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  • Ben Turner

Theo And Hugo ****


Starring: Geoffrey Couët, François Nambot

Director: Olivier Ducastel, Jacques Martineau

From Theo And Hugo’s opening scenes, you’d be forgiven for deciding that you’re watching some kind of heavily erotic thriller. But despite the lengthy opening of real sex in a Parisian sauna, this is actually a very twenty-first century love story, with more akin to Before Sunrise than Basic Instinct.

When Theo and Hugo spot each other in the sauna, they engage in the most intimate encounter in the most public of spaces, but as they leave together, excited and enthralled by the emotional connection they feel they have made, they are soon halted in their tracks. Hugo is HIV+ and unbeknown to him, Theo didn’t use a condom. After a panicked phone call to the AIDS helpline, the two separate, angered by their situation and the potential ramifications. But as the night goes on, both find that they cannot keep away from each other.

The low-lit opening sequence, where we glimpse faces and body parts throbbing in the gloom, accompanied by a repetitive and unremittingly sexy dance track, sets up the raw and unbridled chemistry that drives this film. Occurring in real-time, these ninety minutes explore the intensity of new love, with multiple obstacles hurled in their path from the moment they step out into the harsh lamplight of Paris in the hours before dawn. Like Before Sunrise, the couple find themselves wrestling with circumstance, trying to balance the ideology of their connection and the practicalities of their situation. And with the knowledge that their parting could be as fleeting as their meeting, neither is prepared to let the other go. It is both touching and frustrating in equal part, as we root for them to just throw caution to the wind. But of course that is also their problem; they threw caution to the wind already.

This is a film that explores the modern realities of HIV. No longer treating it like an invisible monster, or exploiting it as a mechanism for empathy, Theo And Hugo instead depicts it as a manageable situation, with treatment and control that shows it for what it is today. Hugo is HIV+, but this does not define him. And the scare of their encounter is not the be-all and end-all that it would previously have been. Instead, HIV is the mouse in the room, not the elephant. It is present, acknowledged, its danger assessed and its impact prioritised alongside everything else. HIV is no longer the most important thing – their love is instead.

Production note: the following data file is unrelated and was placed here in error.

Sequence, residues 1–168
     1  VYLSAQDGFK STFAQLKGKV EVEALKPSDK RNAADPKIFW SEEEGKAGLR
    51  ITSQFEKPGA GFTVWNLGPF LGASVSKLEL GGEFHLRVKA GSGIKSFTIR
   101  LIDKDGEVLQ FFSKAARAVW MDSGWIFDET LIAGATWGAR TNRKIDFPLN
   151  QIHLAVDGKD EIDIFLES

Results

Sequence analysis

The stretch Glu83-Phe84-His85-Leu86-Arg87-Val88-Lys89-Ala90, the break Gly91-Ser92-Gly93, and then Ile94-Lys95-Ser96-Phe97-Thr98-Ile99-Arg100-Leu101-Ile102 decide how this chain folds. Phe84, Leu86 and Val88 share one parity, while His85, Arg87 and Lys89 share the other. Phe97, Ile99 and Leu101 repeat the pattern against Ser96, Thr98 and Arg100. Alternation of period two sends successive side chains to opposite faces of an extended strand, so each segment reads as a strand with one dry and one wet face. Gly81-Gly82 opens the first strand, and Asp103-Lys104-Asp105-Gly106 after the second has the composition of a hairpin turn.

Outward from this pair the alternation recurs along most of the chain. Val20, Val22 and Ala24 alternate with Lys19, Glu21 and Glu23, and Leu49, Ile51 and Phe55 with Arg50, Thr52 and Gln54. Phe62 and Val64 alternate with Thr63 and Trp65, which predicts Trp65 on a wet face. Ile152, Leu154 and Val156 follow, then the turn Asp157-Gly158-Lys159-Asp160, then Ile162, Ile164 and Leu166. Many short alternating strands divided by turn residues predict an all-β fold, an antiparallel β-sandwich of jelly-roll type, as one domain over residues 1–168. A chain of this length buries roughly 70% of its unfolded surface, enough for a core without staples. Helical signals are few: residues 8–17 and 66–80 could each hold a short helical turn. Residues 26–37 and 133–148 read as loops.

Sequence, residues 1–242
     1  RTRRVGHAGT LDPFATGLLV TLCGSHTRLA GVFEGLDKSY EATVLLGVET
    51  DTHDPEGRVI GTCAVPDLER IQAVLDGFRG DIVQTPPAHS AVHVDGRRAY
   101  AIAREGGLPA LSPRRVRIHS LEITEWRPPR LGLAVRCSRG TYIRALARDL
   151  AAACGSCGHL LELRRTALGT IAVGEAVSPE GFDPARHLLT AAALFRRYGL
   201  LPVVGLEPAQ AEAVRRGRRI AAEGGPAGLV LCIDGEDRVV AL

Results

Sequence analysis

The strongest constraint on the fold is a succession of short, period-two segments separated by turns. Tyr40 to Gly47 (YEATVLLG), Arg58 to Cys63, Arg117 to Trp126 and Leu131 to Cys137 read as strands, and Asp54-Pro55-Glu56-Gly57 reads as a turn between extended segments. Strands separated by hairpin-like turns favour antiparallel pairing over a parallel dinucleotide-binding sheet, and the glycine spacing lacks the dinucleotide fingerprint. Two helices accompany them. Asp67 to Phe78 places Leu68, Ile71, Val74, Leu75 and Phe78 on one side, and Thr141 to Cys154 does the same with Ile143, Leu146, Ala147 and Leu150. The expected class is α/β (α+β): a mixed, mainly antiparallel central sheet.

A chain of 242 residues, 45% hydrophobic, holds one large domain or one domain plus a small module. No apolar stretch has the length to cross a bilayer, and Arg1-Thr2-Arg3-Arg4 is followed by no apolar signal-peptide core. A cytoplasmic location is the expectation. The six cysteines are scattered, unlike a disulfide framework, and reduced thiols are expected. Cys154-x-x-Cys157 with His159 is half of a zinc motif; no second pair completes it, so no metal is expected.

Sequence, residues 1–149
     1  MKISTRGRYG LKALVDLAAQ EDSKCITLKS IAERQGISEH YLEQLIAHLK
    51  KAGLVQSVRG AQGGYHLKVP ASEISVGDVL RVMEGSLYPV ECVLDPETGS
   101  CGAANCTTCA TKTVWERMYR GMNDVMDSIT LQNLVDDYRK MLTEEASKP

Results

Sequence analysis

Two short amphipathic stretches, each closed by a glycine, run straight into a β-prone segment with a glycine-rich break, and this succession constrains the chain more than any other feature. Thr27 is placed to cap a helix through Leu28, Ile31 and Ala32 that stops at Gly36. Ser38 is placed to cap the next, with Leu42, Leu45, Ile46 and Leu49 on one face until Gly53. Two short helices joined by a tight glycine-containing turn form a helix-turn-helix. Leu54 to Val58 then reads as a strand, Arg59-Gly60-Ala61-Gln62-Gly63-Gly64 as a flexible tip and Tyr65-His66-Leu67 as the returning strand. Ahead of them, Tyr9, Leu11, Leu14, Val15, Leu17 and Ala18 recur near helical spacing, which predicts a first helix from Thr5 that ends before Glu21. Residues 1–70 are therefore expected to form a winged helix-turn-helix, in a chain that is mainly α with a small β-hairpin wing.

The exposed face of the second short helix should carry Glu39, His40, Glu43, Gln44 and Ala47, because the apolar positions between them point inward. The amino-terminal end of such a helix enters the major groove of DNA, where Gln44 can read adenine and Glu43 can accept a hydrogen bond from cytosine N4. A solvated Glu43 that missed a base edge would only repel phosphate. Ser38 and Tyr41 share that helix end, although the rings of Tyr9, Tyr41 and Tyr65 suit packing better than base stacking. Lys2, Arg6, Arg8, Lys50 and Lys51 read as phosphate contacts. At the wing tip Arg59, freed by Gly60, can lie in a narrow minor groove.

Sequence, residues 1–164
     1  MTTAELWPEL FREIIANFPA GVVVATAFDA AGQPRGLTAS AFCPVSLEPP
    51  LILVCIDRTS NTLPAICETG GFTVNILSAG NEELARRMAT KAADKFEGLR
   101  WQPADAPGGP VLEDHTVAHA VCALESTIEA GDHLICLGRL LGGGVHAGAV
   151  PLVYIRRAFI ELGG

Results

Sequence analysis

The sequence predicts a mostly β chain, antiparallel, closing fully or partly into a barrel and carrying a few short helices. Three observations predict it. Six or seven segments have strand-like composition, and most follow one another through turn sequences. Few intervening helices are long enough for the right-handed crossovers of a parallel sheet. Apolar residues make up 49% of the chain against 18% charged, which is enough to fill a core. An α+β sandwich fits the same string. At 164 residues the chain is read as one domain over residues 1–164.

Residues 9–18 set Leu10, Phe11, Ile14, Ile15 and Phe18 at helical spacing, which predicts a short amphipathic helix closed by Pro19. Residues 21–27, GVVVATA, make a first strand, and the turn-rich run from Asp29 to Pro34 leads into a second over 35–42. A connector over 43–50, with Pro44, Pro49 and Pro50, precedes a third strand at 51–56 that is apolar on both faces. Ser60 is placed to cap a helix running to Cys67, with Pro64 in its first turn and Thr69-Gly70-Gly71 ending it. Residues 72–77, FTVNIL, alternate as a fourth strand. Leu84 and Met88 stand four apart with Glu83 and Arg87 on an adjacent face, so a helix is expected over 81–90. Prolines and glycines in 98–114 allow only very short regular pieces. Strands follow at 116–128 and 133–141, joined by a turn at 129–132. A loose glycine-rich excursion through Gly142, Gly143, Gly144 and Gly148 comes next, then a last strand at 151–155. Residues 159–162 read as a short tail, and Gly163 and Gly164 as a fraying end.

Couët and Nambot have definite chemistry which, together with its structure, is the reason why the film is being called the “French Weekend”. But unlike its British counterpart, Theo And Hugo is bogged down by a script that is trying to do too much. Instead of just focusing on their story, the screenplay also attempts to populate this before-dawn world with other figures, in a series of encounters that are seemingly intended to challenge some of our western views… but instead, these moments do little more than distract from the main characters and their story, which were perfectly engaging enough without anyone else getting in the way. As interesting as the stories of the old woman who is forced to supplement her pension and the educated Syrian who now serves kebabs all night are, they do nothing to advance what the title says; Theo, Hugo and only them.

Where Before Sunrise was also a love letter to Vienna, Theo And Hugo does not quite show Paris in the same light. For a city that isn’t difficult to romanticise, this is a rather utilitarian depiction of romance in the most romantic city on Earth. The film’s directors are clearly going to some effort to underline the normalcy of its protagonists in an effort to unsensationalise its risqué opening, which is successful in the most part. The portrayal of the sauna is doubtless intended to be almost fantastical, with its ethereal lighting and dreamlike editing, so when they emerge into reality, the contrast is stark and disarming. They say that a city is only romantic for those who visit it, so the Paris we see instead is the Paris of its residents. Realistic, pragmatic and logical – the exact opposite of the feelings they are both experiencing.

Despite its flaws, however, Theo And Hugo is a compelling film about romance and LGBT issues. Though not on the same level as Weekend, it does much to both challenge and reflect the romantic genre. It is definitely worth your time… as long as you don’t mind a LOT of nudity.

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Manchester, UK

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